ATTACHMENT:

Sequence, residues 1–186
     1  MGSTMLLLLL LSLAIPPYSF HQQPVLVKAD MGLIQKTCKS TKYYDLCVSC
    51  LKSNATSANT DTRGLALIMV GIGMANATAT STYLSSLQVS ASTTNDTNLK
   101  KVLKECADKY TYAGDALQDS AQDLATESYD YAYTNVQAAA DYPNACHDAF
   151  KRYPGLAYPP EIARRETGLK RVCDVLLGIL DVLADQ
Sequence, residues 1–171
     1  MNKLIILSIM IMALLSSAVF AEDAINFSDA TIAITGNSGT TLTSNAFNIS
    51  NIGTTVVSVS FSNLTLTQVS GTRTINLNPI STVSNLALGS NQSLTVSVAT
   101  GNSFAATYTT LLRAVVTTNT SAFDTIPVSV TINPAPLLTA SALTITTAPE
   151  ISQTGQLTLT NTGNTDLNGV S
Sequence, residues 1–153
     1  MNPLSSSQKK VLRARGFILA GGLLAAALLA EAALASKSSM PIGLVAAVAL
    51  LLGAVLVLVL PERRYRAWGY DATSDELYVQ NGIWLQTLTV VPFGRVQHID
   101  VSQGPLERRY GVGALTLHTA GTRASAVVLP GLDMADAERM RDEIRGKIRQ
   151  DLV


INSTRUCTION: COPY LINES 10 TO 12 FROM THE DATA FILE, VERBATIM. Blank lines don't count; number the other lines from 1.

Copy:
   151  ISQTGQLTLT NTGNTDLNGV S
Sequence, residues 1–153
     1  MNPLSSSQKK VLRARGFILA GGLLAAALLA EAALASKSSM PIGLVAAVAL